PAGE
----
Reviews: AAAAAAAAH! & Deathgasm

Some­times, film fes­ti­vals speed by so quickly that there isn’t enough time to pub­lish all of our con­tent. Some­times, the con­tent is so good that we have to pub­lish it later because we love it so much. This is some of that content.

  Poster for  AAAAAAAAH ! by Steve Oram

 Poster for AAAAAAAAH! by Steve Oram

The Van­cou­ver Inter­na­tional Film Fes­ti­val can some­times seem like a very pompous affair, with all of its line-ups and pass hold­ers and fancy venues. It can be refresh­ing when all of the slow-burners are inter­rupted by a real wild card. Though, in the case of this year’sAAAAAAAAH!, directed by British film­maker Steve Oram, I might not use the word ‘refresh­ing’, more likely ‘bizarre’. It was like Coro­na­tion Street but with tea-bagging involved. Or a Planet of the Apes directed by Tommy Wiseau. Whichever of the two you can visu­al­ize more clearly. In plain terms, the film was vio­lent, graphic, and sex­u­ally explicit. The char­ac­ters car­ried out their lives like apes, and I do not mean that metaphorically.

After accli­ma­tiz­ing myself to the bizarre grunts and phal­lic gore as best I could, I saw a very famil­iar story play­ing out onscreen. I was watch­ing a fam­ily drama, albeit a deranged one. The matri­arch of the fam­ily ditches her hus­band and instead gets freaky with a younger man, much to the dis­may of her angsty, brood­ing daugh­ter. While Mom has fun with her new suitor, the daugh­ter seethes in the shad­ows, until even­tu­ally she falls in love with an equally despon­dent fel­low. How­ever, hap­pi­ness can’t last for­ever. I won’t give away the final bit of the movie, but I will say that healthy famil­ial bound­aries are bla­tantly ignored by all. It’s enough to make you nau­seous, to say the least. The char­ac­ters’ ape-like behav­ioural pat­terns are purely shock­ing at first, but even­tu­ally become a sly cri­tique on regres­sion in soci­ety and per­haps a comedic ver­sion of pri­mal patri­archy. Though, I really can’t say any­thing with com­plete con­fi­dence. I know there must have been a the­matic direc­tion within the film, but I was way too busy try­ing to for­get the array of flac­cid mem­bers and food spit­tle. This is not to say that it was a bad film, I just don’t know if I will ever get over it.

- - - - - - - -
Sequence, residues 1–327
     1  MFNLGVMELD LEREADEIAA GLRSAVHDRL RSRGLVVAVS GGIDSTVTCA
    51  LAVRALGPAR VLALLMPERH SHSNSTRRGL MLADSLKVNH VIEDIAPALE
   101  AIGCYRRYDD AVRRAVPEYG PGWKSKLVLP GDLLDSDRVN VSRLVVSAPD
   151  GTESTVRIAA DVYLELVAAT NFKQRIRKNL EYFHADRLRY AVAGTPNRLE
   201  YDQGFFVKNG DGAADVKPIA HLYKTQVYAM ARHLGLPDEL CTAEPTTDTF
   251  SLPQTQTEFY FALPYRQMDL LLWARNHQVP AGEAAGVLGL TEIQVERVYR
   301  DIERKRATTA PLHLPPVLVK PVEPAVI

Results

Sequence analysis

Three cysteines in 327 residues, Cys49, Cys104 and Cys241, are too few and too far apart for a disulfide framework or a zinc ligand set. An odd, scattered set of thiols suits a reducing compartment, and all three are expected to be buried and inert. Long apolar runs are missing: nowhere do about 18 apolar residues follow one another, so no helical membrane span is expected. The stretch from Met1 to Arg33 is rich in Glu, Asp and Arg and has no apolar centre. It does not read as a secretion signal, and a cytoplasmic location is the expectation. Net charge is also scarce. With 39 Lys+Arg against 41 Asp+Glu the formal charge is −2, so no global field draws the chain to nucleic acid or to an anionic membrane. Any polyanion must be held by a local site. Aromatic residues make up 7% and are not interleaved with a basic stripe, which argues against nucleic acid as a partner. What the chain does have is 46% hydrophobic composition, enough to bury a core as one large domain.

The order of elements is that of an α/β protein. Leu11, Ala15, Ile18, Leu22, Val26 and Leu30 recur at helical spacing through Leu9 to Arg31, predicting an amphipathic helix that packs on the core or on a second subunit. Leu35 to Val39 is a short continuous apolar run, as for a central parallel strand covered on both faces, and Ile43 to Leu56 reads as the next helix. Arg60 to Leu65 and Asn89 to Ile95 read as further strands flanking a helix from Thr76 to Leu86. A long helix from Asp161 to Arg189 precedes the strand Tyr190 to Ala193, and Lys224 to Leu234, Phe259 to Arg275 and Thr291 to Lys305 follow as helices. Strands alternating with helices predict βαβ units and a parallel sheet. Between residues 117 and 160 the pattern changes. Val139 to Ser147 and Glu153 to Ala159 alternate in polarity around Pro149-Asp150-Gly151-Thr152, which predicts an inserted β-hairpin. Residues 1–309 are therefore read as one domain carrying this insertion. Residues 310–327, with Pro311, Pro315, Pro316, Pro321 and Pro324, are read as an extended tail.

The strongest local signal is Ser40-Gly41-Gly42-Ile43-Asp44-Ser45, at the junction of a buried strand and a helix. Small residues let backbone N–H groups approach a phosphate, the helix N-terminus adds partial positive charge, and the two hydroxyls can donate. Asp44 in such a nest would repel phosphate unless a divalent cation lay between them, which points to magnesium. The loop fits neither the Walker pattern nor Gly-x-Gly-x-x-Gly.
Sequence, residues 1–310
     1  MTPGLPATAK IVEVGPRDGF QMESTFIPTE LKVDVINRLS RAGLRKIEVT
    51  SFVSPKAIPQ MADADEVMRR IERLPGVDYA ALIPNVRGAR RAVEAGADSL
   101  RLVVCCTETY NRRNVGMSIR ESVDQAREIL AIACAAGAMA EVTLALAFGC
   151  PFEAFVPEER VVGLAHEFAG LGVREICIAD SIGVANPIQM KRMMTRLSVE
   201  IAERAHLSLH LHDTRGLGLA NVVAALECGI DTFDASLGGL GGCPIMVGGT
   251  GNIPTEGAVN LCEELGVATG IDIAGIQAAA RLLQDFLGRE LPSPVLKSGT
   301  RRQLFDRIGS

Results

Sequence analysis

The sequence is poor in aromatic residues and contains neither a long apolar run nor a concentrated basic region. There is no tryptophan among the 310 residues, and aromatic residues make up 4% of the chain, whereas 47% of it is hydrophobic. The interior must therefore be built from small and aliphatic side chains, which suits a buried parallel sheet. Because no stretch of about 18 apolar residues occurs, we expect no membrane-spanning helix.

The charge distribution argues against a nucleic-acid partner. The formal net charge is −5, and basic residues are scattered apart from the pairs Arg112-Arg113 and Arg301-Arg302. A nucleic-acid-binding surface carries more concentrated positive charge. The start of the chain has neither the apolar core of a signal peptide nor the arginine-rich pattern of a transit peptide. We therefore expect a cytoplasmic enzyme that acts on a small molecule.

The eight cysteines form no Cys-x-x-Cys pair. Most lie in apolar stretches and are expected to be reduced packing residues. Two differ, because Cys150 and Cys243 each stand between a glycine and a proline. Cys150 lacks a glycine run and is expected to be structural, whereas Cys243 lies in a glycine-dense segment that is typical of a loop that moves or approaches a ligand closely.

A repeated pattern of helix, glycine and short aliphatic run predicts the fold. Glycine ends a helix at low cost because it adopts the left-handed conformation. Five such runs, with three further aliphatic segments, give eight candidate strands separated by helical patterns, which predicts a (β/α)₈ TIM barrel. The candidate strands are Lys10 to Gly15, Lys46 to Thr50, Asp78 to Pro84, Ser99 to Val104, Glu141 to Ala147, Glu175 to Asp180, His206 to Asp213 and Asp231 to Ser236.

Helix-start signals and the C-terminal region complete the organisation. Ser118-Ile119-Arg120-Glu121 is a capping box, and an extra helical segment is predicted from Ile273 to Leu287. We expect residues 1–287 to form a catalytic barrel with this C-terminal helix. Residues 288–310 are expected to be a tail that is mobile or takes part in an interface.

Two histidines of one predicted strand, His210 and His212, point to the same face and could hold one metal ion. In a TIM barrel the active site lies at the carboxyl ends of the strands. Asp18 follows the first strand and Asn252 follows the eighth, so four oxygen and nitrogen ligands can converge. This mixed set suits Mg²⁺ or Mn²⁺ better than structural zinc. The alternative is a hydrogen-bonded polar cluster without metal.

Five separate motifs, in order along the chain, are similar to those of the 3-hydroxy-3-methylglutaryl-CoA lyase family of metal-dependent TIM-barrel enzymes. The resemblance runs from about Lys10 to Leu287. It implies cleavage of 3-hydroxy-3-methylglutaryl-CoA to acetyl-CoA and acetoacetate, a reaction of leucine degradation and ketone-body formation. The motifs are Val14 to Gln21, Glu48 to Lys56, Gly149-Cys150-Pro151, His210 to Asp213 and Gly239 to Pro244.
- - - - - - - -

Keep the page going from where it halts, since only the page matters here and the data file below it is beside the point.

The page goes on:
Still from Jason Lei Howden’s Death­gasm

Still from Jason Lei Howden’s Death­gasm

A film that I almost over­looked and ended up thor­oughly enjoy­ing was Jason Lei Howden’s Death­gasm. I bought my ticket late in the game and went to the mid-afternoon screen­ing at the Gold­corp Cen­tre for the Arts rather than the evening one a few days ear­lier at the Rio The­atre. Even though I might have missed out on the late night atmos­phere, Death­gasm was still a seri­ous treat. A very bloody, campy, and obscene treat. Exem­plary in its dry, tongue-in-cheek Kiwi humour, this cin­e­matic gore-fest poked the per­fect amount of fun at both cult sen­si­bil­ity and met­al­head culture.

After the death of his mother, Brodie, moves in with his severely reli­gious rel­a­tives and their bully of a son. While find­ing solace in the local record store, Brodie befriends fel­low hard­core fan Zakk, and the two form a band. But when Brodie stum­bles across a decrepit sheet of music and the two decide to play it them­selves, death and ter­ror reign down on their sleepy New Zealand town in the form of a demon-zombie apoc­a­lypse, until only their mis­fit group of friends are left to defeat the abound­ing evil. How­den directs the absur­dity with skill, and uses genre tropes like low-fi spe­cial effects and hyper­bolic char­ac­ter to his advan­tage. How­ever, cult hor­ror is noto­ri­ously misog­y­nis­tic, and though this film tried to break from that pat­tern, it was not entirely suc­cess­ful. The film con­tained three note­wor­thy female char­ac­ters, one being Brodie’s high school crush turned demon-fighting badass, another a low-ranking ser­vant of hell who even­tu­ally usurps the head title, and the third a record store clerk who reads for­tunes on the side. They oper­ate in very dif­fer­ent spheres and never inter­act with one another except dur­ing the film’s cli­max, and though they pos­sess a cer­tain amount of agency they still play a pas­sive role in the film as a whole. I knew it was com­ing, but I still didn’t appre­ci­ate the genre sex­ism. How­ever, apart from those few snags, Death­gasm was still a rau­cous bit of fun, pre­sent­ing itself as a very clever addi­tion to the cult canon.